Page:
Which way does your beard point tonight? ” Ginsberg is troubled and looking to Whitman for answers. That the poem ends with a question, not a statement, suggests that Ginsberg remains unsure about whether America can live up to its potential. Postmodernism follows most of the same ideas as modernism, rejecting boundaries between high and low culture, rejecting strict genre distinctions, emphasizing pastiche, irony and playfulness. Postmodern art favours reflexivity and self-consciousness, fragmentation and discontinuity and an emphasis on the decentred and dehumanized subject.
While postmodernism seems very much like modernism in these ways, it differs from modernism in its attitude toward a lot of these trends. Modernism tends to present a fragmented view of human subjectivity and history, for example in Woolf’s To the Lighthouse, but presents that fragmentation as something tragic, something to be mourned as a loss. Many modernist works try to uphold the idea that works of art can provide the unity, coherence, and meaning which has been lost in most of modern life; art will do what other human institutions fail to do.
Postmodernism, in contrast, does not lament the ideas of fragmentation or incoherence, but rather celebrates them. Because of these differences I think that the term postmodernism, which suggests some sort of continuation of modernism, is not the right word. A good example of this ‘celebration’ of fragmentation is Kurt Vonnegut’s Slaughterhouse Five. Some of its key postmodernist qualities are the mixing of fantasy with nonfiction, a clear-cut moral position and the questioning of grand narratives and a fragmented form.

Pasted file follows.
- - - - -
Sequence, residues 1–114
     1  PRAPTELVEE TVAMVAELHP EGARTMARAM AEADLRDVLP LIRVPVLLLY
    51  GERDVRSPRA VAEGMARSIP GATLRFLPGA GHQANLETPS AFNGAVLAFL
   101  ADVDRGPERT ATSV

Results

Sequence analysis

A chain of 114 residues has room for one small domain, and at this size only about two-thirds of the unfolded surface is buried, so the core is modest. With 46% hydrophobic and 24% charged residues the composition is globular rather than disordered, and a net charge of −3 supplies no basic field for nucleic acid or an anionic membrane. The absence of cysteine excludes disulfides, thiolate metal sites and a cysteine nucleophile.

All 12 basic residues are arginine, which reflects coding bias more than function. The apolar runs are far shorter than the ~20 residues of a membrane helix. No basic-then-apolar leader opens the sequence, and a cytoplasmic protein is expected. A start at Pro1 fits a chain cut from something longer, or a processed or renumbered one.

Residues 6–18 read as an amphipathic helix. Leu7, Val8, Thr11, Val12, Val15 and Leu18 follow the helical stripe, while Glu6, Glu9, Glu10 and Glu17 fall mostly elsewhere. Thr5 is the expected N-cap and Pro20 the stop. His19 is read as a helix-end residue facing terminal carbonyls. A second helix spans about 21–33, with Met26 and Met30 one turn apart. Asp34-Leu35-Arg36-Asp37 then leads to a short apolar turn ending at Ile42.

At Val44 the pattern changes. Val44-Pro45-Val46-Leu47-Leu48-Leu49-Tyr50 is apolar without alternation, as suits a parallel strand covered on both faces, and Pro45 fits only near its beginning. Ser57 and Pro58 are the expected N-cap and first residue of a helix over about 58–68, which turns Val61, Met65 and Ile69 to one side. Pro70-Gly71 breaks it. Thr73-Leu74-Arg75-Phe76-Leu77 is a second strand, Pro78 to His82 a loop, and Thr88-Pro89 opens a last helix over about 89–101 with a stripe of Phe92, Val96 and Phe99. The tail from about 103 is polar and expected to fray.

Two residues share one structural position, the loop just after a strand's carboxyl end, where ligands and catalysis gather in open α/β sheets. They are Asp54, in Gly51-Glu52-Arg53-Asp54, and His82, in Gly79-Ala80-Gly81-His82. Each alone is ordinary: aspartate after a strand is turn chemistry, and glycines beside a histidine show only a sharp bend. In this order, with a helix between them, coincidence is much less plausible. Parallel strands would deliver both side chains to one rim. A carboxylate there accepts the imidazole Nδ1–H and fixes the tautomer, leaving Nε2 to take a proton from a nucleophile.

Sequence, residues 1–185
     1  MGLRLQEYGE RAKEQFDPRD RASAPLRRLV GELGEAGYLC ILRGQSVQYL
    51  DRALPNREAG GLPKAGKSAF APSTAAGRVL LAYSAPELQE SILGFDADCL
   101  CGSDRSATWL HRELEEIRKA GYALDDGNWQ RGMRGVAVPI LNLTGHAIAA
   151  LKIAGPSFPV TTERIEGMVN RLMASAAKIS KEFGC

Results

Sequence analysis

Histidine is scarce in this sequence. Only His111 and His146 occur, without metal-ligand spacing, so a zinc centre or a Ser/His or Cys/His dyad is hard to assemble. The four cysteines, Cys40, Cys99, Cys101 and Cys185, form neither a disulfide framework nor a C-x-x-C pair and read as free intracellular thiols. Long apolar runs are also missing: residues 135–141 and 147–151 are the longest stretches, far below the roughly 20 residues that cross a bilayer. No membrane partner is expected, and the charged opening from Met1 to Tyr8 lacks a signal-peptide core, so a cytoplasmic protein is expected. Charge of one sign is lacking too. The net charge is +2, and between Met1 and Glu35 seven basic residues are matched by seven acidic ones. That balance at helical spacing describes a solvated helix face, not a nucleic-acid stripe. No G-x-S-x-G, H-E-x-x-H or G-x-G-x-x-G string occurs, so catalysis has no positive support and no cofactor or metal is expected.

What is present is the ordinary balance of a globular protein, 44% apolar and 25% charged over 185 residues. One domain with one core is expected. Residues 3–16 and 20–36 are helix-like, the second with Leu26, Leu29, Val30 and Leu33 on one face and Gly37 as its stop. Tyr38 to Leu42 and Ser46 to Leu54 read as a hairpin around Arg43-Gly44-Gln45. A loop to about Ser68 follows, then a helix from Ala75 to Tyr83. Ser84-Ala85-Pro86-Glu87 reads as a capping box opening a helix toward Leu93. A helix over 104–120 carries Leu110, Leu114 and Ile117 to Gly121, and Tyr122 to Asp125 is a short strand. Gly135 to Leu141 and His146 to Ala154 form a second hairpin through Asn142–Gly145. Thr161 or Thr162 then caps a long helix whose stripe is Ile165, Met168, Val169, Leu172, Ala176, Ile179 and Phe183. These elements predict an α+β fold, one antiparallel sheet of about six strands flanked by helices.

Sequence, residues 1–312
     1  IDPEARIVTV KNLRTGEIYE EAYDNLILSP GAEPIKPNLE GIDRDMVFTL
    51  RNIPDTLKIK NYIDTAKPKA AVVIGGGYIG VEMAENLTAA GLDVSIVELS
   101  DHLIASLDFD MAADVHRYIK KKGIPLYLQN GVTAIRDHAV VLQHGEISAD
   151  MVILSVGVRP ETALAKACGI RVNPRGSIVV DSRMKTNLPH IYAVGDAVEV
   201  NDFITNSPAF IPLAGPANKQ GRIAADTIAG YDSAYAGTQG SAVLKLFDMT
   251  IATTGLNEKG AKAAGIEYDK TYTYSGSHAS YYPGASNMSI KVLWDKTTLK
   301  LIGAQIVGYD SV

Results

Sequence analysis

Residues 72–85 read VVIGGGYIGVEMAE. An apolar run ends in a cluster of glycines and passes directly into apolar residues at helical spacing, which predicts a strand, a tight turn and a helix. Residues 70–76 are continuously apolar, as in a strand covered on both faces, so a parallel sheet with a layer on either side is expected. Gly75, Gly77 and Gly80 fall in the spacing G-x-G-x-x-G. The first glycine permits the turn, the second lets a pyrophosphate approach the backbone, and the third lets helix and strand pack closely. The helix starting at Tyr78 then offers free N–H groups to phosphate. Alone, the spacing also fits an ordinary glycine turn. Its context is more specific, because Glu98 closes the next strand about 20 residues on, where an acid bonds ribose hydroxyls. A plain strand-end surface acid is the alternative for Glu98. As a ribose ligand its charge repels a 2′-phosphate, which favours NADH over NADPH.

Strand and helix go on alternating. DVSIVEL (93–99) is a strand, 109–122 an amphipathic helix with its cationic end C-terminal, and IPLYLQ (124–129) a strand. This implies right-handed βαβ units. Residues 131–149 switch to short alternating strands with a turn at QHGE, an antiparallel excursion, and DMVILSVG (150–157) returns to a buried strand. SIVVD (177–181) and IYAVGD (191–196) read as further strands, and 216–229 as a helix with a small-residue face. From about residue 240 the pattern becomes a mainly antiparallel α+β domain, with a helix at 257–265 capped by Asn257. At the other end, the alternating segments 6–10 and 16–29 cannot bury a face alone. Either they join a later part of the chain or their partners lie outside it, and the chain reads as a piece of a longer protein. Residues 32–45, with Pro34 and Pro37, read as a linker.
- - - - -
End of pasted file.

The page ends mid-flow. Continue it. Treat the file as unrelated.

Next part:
A mixing of fantasy and nonfiction is shown in Vonnegut’s use of time travel and the Dresden bombing. The novel also possesses a fragmented form. Billy travels randomly to different events in his life and jumps from one point to another. Space and time become relative through Billy’s time-travelling, which shows the popular postmodern view of reality in crisis. Vonnegut explains the fragmentation and unhinged time in chapter 1: “It is so short and jumbled and jangled, Sam, because there is nothing intelligent to say about a massacre. Slaughterhouse Five is a good example of the difference in the use of fragmentation in modernist and postmodernist literature. When Billy becomes “unstuck in time”, Vonnegut can have his main character travel around in time and space, having Billy experience only fragments of his life before moving him again. This creates a collage effect, made up of bits and pieces of Billy’s life. By fragmenting Billy’s experiences like this, Vonnegut can actually bring the events that make up Billy’s life closer together. The constant fragmentation of Billy’s life serves to unify his character for the reader.